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Let your screenplay brew

The other day I saw a locally made feature, The Actress. It was really quite good - for what it was. But my heart sinks when I see a well-directed film with huge writing holes. Holes which are easy to fix if you give your screenplay time to brew.

Directors are Stupider Than Writers


It is common knowledge that directors, in the main, are stupider than writers - often led into projects ego first. But even the stupidest director could probably do well with a short course in screenwriting. Because if you can't read a feature film in the first place, how can you direct one?

Sam Mendez and Alan Ball are a case in point. After the success of American Beauty, Alan went on to write the multi Emmy Award winning Six Feet Under. And Sam? Well . . . just have a listen to the audio commentary on Six Feet Under and you can hear what's driving Sam's engine. Interesting that the commentary is credited as Sam Mendez with Alan Ball.

Writing is one way to remain humble. You get lousy pay (if anything) you get to stand in the shadow of an ego-maniacal director and you get ignored at parties. Nobody sleeps with the writer . . . Except in TV . . . Where writers get to be producers.

So. Back to me. I'm (supposedly) both writer and director. However this year, I've spent about 4 days actually directing anything and about 2 weeks writing. So mostly, this year, I've been a university lecturer - or a web developer. Hopefully I'll get a gig on Marx and Venus - but one can't count on such things.

Yesterday, at least, Phil Jeng Kane and I returned to writing our feature screenplay - probably because this week we have no students. It's a Curtin Uni / FTI holiday. We did a little preparation. Coffee, toast, diary entries etc. And then we started analysing our script with a tool shown to us by Claire Dobbin at an Arista workshop.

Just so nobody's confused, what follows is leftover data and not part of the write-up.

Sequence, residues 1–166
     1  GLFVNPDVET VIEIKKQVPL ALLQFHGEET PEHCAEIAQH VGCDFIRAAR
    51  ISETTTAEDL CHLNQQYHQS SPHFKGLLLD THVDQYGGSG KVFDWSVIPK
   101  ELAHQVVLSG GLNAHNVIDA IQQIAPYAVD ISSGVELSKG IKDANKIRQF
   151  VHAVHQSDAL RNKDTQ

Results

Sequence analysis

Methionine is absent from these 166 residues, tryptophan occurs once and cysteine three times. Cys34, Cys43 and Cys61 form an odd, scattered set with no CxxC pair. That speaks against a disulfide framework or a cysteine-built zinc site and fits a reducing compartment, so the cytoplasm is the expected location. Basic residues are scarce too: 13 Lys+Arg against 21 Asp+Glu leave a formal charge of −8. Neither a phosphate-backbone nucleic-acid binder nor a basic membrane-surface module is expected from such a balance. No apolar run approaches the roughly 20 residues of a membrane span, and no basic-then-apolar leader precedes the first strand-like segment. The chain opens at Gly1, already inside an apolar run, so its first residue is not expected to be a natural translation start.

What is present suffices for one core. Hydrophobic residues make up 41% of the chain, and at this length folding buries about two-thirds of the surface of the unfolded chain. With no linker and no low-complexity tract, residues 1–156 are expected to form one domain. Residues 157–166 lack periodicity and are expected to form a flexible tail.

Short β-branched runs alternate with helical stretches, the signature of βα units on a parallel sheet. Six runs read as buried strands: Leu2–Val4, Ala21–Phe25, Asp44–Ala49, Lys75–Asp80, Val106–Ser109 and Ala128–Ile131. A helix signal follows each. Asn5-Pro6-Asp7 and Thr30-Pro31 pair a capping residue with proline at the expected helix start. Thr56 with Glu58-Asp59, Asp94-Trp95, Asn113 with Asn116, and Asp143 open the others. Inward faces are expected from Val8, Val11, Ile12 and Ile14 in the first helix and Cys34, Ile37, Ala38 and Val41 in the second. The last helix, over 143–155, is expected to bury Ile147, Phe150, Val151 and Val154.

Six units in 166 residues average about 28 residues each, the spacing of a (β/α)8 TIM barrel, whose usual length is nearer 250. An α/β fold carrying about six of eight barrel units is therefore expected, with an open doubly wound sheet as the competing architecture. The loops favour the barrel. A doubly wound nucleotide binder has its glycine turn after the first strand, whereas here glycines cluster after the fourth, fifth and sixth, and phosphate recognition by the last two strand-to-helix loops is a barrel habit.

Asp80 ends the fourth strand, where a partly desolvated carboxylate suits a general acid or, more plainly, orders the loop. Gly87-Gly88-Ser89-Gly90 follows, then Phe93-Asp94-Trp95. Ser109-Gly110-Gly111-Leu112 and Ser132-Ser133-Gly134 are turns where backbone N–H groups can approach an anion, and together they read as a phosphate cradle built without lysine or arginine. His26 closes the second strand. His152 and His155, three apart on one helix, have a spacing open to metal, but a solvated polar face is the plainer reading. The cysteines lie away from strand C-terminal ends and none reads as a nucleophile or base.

The Plot Matrix

If you haven't visited your screenplay for a while (in our case nearly a year) then use the plot matrix. In your spreadsheet program, make 5 columns:
  1. Scene number.
  2. What is the scene about?
  3. Whos scene is it?
  4. What is the emotional subtext?
  5. Do we need the scene?
Then read through each scene (aloud) and answer the questions. The final column we chose to colour:
  • red means remove the scene
  • orange means modify it
    • we'd write a note about how we will do that
  • green for leave it pretty much as is
This way, you get a quick visual representation of how your screenplay is. If the last column is all green - then that's teh writers' green light! It means go find a Producer you can trust with all your hard work.

You will end up with a bunch of notes for your next draft and you will know more about your main character/s journey. Plus you will have the feeling that you've just breathed life into something that seemed permanently in a state of suspended animation.

I found our clarity of purpose was very acute. Because after a long time:
  1. We approach an old subject with fresh eyes
  2. Our critical faculties weren't distracted by precious writing.
  3. Any ill-feeling / previous bad dealings we had regarding the project were gone.
  4. We re-discovered the energy we had when we originally started writing it
    1. in our case - all those years ago.
  5. If you're writing with a partner, you're also working on a friendship.
    1. After all - if two people are co-writing the same project over a long period, then there has to be something special about the idea.
In about half a day (5 hours) we got through 20 scenes this way and hope to finish the other 80+ by early next week.

So - my advice is - leave it on the shelf. And if you have another idea - work on that. Do a rough draft. Even if it's crap - a lot of good stuff will bubble to the surface later in your screenplay's life. If you use . . . The Matrix!

Comments

Mister Trivia said…
I endorse all your comments, Ed, except the one about using the Plot of The Matrix (see what I did there?)

As much as I like The Matrix, it's the ultimate "It was all just a dream" movie.

As for writing the same thing over years and developing it, I would like to say this. We started writing our script in our late 20s and now we are in our late 30s. As we have shifted in our lives so has the script.

Some of what we are doing is turning ideas that just seemed "pretty cool" when we were younger into something more structural and essential now we are older, crustier and have read a few hundred more books (both screewriting ones and the other kind).

I find writing especially a lengthy screenplay to be somewhat like being asked to throw a dart at a board which is shrouded in fog about two kilometres away.

But if it wasn't hard then we wouldn't find it difficult.

Phil (Mr Trivia) Jeng Kane
Why do it if it isn't hard? We may as well come back as cats and be fed each day - until we die.

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